Katrine Robertsen can't hardly wait for the basketball season to start at Blue Earth Area High School.
The 16-year-old exchange student from Denmark wants to try and play on the Buccaneer team.
"I have been playing basketball since I was seven or eight years old," she says. "I really like to play."
Robertsen is staying with Bruce and Becky Anderson this year, on their farm east of Blue Earth.
Bruce Anderson has played a little one-on-one basketball with the diminutive Dane.
"She really isn't too bad, for being so short," the much taller Anderson jokes. "She dribbles well and is pretty fast."
When Robertsen gets a chance to play a little round ball in the BEA High School gym, it will not be the first time she has played on an American basketball court.
"My basketball team (in Denmark) went on a two-week tour of the West Coast last summer," she says. "We played in high schools in places like Los Angeles, Las Vegas and Salt Lake City."
It was while she was on that tour that she got the idea she wanted to be an exchange student and spend a year in the U.S.
"I did the research about how to be an exchange student on the Internet," she says. "Without telling my parents."
By the time she did tell them it was getting a bit late and she had to quickly fill out the paper work and do the interview process.
She ended up arriving in Blue Earth just two days before school was going to start.
"I really, really like the school here," she says. "It is so different than my school in Denmark."
One difference is that here students move from room to room. In Denmark, the teachers move around and the students stay put.
At her Danish school, which is called gymnasium instead of high school, she must take her own food for lunch. Here, she can buy items she says.
"Homework is kind of the same amount," she says. "It's just graded differently. Here everything is graded. In Denmark we only get a grade on just some of the things we do."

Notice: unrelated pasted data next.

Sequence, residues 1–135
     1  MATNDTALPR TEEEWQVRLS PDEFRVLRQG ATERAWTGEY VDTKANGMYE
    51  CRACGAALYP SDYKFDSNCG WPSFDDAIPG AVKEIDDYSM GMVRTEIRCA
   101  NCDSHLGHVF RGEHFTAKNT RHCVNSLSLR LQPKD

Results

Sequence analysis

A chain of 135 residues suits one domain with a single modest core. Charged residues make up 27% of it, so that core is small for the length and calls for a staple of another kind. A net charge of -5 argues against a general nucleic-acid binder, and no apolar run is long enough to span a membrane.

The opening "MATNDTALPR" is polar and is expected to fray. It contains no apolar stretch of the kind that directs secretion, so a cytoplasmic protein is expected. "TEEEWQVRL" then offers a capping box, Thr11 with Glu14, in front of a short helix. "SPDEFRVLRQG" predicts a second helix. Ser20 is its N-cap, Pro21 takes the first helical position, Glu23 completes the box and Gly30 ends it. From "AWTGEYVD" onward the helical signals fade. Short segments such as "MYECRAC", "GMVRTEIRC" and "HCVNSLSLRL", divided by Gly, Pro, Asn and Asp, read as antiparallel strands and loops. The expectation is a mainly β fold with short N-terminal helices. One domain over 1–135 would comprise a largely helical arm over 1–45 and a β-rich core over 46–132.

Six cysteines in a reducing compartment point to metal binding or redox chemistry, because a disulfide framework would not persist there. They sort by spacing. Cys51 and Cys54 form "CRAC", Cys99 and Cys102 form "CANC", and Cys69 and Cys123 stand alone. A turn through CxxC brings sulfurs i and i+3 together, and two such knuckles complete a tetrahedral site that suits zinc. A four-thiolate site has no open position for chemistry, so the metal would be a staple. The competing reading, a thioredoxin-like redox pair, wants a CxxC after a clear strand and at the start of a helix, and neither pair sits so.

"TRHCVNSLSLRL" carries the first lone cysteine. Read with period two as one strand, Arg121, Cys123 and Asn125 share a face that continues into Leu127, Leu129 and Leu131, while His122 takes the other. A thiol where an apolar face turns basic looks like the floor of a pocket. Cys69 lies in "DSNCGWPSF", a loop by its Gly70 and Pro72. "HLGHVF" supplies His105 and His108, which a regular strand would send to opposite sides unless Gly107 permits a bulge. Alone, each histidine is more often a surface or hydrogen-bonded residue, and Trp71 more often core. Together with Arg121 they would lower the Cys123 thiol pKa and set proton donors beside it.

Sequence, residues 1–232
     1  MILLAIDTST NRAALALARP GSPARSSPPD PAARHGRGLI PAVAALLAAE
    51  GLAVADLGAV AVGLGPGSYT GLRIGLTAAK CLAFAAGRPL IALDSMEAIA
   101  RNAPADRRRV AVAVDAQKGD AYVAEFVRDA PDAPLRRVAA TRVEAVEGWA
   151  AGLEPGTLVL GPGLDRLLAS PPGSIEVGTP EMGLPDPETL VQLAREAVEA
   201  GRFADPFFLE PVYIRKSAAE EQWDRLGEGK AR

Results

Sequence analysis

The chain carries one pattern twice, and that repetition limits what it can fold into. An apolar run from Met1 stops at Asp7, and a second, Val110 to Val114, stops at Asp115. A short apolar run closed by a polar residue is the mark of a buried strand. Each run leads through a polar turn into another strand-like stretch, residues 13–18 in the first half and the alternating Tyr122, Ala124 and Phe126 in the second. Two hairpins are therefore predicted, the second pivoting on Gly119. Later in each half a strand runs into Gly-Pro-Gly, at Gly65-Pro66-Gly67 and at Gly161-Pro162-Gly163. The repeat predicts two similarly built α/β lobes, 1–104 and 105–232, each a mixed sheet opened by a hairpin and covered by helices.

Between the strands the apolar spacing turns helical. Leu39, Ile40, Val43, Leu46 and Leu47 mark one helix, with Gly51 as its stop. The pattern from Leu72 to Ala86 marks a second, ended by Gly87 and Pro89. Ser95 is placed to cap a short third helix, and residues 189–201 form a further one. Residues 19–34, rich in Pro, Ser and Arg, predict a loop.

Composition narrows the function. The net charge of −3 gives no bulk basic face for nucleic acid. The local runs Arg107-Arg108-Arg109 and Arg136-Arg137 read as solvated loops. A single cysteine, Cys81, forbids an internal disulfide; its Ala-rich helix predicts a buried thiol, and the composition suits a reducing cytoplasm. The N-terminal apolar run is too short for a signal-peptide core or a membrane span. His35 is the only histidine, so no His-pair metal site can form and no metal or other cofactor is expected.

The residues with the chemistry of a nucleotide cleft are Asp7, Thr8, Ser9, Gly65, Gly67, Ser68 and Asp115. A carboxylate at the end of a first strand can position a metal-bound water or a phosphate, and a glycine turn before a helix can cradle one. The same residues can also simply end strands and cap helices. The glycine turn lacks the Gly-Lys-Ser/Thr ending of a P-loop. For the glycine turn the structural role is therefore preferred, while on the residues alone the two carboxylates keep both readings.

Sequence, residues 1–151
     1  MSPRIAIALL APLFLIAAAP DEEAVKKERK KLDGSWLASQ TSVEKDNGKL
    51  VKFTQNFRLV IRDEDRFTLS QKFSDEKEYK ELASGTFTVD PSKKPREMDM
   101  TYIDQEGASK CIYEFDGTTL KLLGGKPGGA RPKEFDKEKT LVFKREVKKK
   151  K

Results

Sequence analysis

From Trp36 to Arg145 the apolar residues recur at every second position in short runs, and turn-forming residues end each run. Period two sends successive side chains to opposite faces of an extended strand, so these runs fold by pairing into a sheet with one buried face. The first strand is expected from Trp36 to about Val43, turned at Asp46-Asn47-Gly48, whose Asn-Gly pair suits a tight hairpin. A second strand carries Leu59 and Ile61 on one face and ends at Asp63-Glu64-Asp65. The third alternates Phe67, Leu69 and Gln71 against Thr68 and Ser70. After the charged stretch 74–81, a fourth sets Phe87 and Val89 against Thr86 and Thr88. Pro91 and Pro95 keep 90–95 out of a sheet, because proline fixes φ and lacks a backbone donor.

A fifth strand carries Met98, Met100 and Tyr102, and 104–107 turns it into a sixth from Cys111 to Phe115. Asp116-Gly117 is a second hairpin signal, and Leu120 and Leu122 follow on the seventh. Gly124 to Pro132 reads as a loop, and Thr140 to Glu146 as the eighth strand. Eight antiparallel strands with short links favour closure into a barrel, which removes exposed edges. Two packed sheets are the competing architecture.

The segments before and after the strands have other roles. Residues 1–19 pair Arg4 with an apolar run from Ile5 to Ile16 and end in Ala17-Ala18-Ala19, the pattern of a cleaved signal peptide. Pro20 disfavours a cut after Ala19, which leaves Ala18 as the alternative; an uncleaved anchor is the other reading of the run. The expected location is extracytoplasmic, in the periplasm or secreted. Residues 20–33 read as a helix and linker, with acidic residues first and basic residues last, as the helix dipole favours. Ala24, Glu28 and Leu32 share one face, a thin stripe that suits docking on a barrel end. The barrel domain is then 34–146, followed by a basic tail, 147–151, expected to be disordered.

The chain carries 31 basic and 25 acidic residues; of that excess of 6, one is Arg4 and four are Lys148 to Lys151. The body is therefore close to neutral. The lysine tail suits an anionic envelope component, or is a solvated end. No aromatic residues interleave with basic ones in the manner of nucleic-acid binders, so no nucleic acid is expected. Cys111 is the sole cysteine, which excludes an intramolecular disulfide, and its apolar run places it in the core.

Other differences between the U.S. and Denmark that she has noticed is the transportation.
"Here, everyone has a car and drives everywhere," she says. "In Denmark we go everywhere by bus and train."
She lives just five minutes from her school and walks every day.
Robertsen is from the city of Ballerup, north and west of Copenhagen. It is about the size of Mankato, she says.
Her father, Per, is a computer expert and works in IT. Her mother, Helle, is an interior designer. She also has a younger brother, Simon, age 13.
"People from Denmark are sometimes called the Happy Danes," she says. "I think that is because someone once said Denmark was the happiest place on Earth."
Robertsen is not so sure about that. She is pretty happy to be in Blue Earth.
So far she has been to Mankato shopping and to Fairmont to go boating on lakes.
"We are going to Florida in March," she says with a smile.
While there is snow and cold in Denmark it is not to the same degree as in Minnesota.
"I don't know what she will do when winter hits," Bruce Anderson says. "She already is cold all the time. She will need a trip to Florida."
This is the second time the Andersons have hosted an exchange student. The first time, a couple of years ago, they had not planned on doing so, but ended up taking in a student who needed a new home to stay in.
"It was a pretty good experience," Becky Anderson says. "So, we decided to do it again."
Besides basketball, Robertsen has two other main interests that might get her through the winter months in Blue Earth.
"I have played piano since I was seven or eight too," she says. "I like to play."
And, her favorite activity is to watch movies.
"My favorite movies are the Hunger Games movies," she says. "But I love to watch all kinds of movies."
So when she isn't busy playing basketball, she can always watch a movie on a snowy Minnesota night.